Oleoresins of spice seeds are sufficiently fluid for use as-is, and therefore require no additives. Other spices, however, usually require added vegetable oil and/or some type of food-grade solubilizers to reduce their viscosity. From a labeling standpoint, these are considered incidental additives and need not be declared on the finished food product.

  Oleoresins may be combined with ground spices to create custom blends, or used as a base for a number of different seasoning products. When using straight oleoresins, manufacturers normally mix them with a carrier to make them easily dispersible.

Soluble seasonings

  Soluble seasonings are oleoresins that have been added to soluble carriers, either liquid or dry.

  Liquid solubles (emulsions, concentrates, suspensions). When additional solubilizing agents, such as polysorbate 80, mono- and diglycerides and water-soluble gums, are added to the oleoresins, the manufacturer creates seasonings that are liquid in form and soluble or dispersible in oil or water systems. These are particularly well-suited for pickling solutions, condiments, sauces and beverages.

  Dry solubles. If the oleoresins are plated onto dry, but soluble, carriers, they are known as dry solubles. Typical carriers are salt, dextrose, flour and yeast; the choice depends on the nature of the food product being seasoned. When using dry solubles, the customer does not have to add anything further, because pound-for-pound they are the equivalent (or multi-fold) of ground spices, and may be added directly to food. Dry solubles are designed to be used in any food application where ground spices would be appropriate.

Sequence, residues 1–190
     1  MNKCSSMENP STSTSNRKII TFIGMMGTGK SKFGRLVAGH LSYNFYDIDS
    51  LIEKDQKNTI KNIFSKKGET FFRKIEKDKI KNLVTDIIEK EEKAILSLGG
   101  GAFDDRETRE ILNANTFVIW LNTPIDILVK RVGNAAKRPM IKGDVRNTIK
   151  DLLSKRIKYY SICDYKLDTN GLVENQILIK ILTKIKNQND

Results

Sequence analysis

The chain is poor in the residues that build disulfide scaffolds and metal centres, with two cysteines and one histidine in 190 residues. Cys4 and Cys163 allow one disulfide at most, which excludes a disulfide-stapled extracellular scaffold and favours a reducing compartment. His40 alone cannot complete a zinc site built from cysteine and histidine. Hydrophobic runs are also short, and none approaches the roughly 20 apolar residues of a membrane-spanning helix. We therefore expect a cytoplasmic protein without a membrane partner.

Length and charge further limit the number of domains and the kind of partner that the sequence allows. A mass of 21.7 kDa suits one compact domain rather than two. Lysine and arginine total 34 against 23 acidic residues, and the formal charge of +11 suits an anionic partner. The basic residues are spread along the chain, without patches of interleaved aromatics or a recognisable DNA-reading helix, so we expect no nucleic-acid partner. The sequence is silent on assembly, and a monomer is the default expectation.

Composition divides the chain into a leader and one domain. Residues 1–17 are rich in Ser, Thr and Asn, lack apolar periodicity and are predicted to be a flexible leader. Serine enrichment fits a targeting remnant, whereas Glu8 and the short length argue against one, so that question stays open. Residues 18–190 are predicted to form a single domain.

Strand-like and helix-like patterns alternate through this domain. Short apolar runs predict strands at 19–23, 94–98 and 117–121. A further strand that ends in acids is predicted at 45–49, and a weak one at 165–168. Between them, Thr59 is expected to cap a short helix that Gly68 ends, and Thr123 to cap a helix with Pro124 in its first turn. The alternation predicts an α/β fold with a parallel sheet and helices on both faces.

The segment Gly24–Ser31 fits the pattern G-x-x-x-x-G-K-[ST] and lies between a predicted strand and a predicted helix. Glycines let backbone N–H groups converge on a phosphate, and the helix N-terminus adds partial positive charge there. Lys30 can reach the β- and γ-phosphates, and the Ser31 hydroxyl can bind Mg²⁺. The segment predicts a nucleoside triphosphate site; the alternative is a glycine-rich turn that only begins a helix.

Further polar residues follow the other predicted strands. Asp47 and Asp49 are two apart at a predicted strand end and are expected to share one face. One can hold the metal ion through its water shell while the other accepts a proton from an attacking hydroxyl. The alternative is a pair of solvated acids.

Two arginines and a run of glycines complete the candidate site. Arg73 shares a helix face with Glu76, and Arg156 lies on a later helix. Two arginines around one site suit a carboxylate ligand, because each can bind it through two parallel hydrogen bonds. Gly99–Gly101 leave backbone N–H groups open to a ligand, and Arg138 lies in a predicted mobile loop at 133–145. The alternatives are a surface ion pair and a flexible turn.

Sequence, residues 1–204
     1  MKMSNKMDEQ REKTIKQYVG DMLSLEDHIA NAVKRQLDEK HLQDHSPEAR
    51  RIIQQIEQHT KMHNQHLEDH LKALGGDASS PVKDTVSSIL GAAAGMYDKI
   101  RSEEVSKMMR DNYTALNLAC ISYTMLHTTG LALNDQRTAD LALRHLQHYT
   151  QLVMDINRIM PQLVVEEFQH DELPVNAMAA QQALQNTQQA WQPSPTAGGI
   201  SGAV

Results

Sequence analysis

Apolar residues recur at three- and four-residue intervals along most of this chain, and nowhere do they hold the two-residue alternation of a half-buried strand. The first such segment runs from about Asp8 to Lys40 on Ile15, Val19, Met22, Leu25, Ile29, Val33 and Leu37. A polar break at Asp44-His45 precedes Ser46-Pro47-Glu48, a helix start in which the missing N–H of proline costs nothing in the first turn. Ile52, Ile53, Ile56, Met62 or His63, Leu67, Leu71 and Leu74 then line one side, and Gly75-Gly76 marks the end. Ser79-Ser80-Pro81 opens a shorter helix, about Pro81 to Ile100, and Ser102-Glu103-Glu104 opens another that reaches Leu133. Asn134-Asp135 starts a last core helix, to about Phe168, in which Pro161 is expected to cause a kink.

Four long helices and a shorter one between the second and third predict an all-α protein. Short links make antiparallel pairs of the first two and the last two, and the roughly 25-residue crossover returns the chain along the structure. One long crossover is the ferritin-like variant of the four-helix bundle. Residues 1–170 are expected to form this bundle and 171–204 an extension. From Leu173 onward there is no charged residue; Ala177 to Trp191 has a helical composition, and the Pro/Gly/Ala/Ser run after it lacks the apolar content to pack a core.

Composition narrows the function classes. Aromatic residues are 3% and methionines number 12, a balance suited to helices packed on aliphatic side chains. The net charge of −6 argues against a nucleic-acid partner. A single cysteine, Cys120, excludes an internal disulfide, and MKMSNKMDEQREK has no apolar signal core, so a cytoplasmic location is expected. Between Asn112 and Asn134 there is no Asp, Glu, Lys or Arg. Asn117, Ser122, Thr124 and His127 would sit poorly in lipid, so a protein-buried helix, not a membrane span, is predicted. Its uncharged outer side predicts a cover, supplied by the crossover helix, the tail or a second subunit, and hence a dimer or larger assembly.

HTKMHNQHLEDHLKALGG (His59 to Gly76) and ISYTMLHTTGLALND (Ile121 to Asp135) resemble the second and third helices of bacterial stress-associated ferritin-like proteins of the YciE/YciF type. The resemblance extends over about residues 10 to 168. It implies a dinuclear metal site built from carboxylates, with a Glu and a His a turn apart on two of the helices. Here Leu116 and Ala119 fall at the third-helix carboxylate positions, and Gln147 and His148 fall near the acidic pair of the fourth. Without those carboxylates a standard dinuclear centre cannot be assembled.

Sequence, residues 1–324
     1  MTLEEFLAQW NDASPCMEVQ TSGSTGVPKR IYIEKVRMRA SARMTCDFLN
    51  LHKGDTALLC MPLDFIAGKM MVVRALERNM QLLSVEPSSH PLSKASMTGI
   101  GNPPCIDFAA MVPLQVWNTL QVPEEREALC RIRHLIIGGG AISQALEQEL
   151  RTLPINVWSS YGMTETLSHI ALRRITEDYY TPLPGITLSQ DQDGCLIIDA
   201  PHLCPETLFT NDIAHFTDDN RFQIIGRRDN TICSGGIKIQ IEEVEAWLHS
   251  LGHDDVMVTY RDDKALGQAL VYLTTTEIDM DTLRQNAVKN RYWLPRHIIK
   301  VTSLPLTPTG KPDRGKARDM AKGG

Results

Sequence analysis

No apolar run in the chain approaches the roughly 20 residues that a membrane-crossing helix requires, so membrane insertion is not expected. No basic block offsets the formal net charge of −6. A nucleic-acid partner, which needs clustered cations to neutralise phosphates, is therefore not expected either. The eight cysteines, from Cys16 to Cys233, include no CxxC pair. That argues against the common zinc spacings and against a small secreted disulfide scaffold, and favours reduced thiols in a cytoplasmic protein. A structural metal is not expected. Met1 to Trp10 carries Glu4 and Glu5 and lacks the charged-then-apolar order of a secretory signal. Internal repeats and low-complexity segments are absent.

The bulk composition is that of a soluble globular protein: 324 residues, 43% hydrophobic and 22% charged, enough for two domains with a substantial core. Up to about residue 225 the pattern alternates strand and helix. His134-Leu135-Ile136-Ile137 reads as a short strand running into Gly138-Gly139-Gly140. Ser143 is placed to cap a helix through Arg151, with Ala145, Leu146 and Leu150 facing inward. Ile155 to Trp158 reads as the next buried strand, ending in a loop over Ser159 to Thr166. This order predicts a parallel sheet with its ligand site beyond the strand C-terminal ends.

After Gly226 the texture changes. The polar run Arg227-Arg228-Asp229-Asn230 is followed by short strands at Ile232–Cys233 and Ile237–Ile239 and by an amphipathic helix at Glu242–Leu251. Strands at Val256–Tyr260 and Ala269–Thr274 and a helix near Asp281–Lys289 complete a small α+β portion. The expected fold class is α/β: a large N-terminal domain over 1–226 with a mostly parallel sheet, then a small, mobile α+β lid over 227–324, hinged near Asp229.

Safeguarding spices

  During spray-drying and encapsulation, oleoresins are mixed with gum or starch and water to create a slurry, which is sprayed into a very hot chamber. The water is then flashed off, and the resultant powder is composed of particles in which the oleoresin is encased in a gum or starch coating. The coating helps protect the flavor and aroma during storage, makes the seasoning more heat-stable, and keeps it free-flowing. On the other hand, when an encapsulated particle comes in contact with water, flavor and aroma are quickly released. As a result, spray-dried flavors are especially suited to dry soup- and salad-dressing mixes, beverage powders and any other products that are reconstituted with water.

Buying and handling extractives

  The first rule of smart extractive buying is the same as for all spice purchasing - deal only with top-quality suppliers who can assure the consistent quality that is one of the biggest advantages of extractives. Flavor consultation, guidance on which seasonings will best meet the product's needs, and help in developing realistic specifications are some of the other services a quality supplier can offer.

  Extractives should be stored in cool, dry conditions, never in excess of 75°F. Containers should be as full as possible and tightly sealed. For light-sensitive products; i.e., paprika and turmeric, opaque containers are essential.



Spice Rack is based on the American Spice Trade Association's What You Should Know informational series on spices. For more information, call 201-568-2163, or visit www.astaspice.org.


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Weeks Publishing Co.

3400 Dundee Rd. Suite #100
Northbrook, IL 60062
Phone: 847-559-0385
Fax: 847-559-0389
E-mail: info@foodproductdesign.com
Website: www.foodproductdesign.com